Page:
So hooked by audio that I have to read books aloud. Love reading the reviews. *If my reviews help, please let me know.
"The tongue like a sharp knife, kills without drawing blood." Budha
In 150 pages, about 4.5 hrs listening, Barnes--nothing less than a word wielding genius--has written a poignant little novel that packs a big psychological punch, wherein every perfectly placed word evokes powerful images and thoughts. [Refers to Henry VIII as the "polygamist royal butcher".] (*No doubt there will be philosophical discussions longer than this book about this book.) But, my lovely journey with this petite gem didn't start out so lovingly...
Having read a few award winners in my time, I plugged in my earbuds and waited to be wowed while I indulged in the luxury afforded to us with audible books--multi-tasking. Two-thirds the way through this book I was about to toss it. Yes, the writing was masterful, the characters, though only briefly sketched out were still relevant and interesting, but the story itself seemed whiny and pretentious, overall depressing to the point of being a tiresome listen. But, In just a few words, I suddenly went from irritated to intrigued; ultimately I was awed and regretted an ending, so I listened again. I really listened. I sat down and this time was absorbed in the luxury of writing at its best. I've read the 6 books shortlisted for the Booker--my opinion is they got it right.
Like one character says in the book, this is "like an onion and reveals itself in layers"--the reader is dropped in to walk along and sense this experience, not be wowed by a complex plot, not to have the mysteries neatly explained. Sleek, eloquent, precise, and Richard Morant is an articulate narrator that heightens the experience. I went to the book store and bought a copy. It's with me still, on my book shelf and etched in my mind.
Because this has been re-released as an *Audible A-List Collection,* a selection chosen by Clare Danes for narration, I'll begin with the narration. This is one of the rare cases where a straight reading, sans the voice characterizations and the nuances one would think an actor would use, earns top scores from me. Ms. Danes reads the story with strength and conviction, wisely chosing to let the words of an outstanding poet/author give voice to the characters in this cautionary tale. The feel of this book is dark and dispassionate, a story about a violent new world where feelings and thoughts are prohibited, yet it is at the same time visceral, strong with emotion, because of Atwood's writing skills, her ironic wit, and superb story-telling abilities -- matched perfectly with Danes' talents.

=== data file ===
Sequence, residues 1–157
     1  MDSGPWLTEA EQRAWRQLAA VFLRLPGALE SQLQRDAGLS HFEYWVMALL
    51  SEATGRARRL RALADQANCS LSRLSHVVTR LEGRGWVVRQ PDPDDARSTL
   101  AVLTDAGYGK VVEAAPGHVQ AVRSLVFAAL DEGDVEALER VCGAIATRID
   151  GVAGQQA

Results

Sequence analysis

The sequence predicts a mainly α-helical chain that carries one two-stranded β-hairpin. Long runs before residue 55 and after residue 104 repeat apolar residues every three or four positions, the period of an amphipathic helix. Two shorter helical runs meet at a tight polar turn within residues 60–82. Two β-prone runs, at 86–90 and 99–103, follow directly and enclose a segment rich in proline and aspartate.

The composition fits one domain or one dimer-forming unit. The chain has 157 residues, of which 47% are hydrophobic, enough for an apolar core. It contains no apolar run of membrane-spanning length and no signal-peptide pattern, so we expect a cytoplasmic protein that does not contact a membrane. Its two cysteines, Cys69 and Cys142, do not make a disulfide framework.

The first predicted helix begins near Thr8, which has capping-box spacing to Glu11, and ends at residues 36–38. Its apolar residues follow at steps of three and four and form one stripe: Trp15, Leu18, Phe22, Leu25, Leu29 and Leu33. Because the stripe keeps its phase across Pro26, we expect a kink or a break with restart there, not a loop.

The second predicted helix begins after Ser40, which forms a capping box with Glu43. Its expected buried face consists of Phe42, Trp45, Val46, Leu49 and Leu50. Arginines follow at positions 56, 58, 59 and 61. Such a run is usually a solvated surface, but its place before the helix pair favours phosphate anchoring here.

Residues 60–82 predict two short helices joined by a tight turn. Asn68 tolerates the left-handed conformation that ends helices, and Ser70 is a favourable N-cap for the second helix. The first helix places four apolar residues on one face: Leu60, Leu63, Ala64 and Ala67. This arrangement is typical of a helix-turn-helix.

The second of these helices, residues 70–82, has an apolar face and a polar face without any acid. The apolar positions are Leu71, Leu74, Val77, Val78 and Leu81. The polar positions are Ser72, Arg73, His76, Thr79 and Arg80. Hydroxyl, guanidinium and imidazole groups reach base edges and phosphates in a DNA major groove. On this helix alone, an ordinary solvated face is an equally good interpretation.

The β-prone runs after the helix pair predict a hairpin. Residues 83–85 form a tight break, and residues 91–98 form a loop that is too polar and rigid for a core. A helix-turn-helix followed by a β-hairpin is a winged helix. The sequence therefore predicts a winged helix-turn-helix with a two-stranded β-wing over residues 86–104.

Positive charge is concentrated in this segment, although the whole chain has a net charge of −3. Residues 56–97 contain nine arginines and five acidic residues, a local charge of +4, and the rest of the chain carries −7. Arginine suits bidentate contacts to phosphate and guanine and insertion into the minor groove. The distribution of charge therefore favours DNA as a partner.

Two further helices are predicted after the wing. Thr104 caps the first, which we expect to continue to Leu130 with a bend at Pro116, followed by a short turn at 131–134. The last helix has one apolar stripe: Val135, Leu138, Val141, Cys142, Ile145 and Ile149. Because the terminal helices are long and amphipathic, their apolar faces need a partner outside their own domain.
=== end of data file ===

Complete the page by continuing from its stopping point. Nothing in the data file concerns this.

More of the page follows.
I was introduced to this book in college. 1985, a women's rights to her body (i.e. abortion) was a hot topic, feminism was getting its first *report card,* and The Handmaid's Tale was either being showered with awards and praise, or being pulled from library shelves and crossed off reading lists -- a scene straight out of Farenheit 451, another *dystopian* novel where we see that repression of any kind has a price. (Atwood didn't think her work was sci-fi and argued that this was not science fiction, but rather speculative fiction.) In '85 I thought this was chilling and very futuristic.
Dystopian? Future? Speculative? ... The world is struggling from the effects (or more accurately the consequences of) of pollution, chemicals, GMO's, and radiation; our government has been extinguished, world-wide war rages, religious conflicts a large part of the cause; disease and sterility are prevalent, conception and healthy live births atypical; many species have vanished, food is scarce and rationed along with water. The Republic of Gilead (a country established within the borders of the former USA) is a violent male dominated theocracy where women have no power, young women are owned for breeding purposes, sex is a disturbing biblical ritual, the Eyes watch constantly for heretics and dissenters (routinely put to death and openly displayed). ...*Dystopian* along the lines of Clockwork Orange,1984, (Stepford Wives?), but more like good *speculation* now in 2012, where burkas, honor killings, or young girls being married off to old coots in polygamist sects are weekly headlines.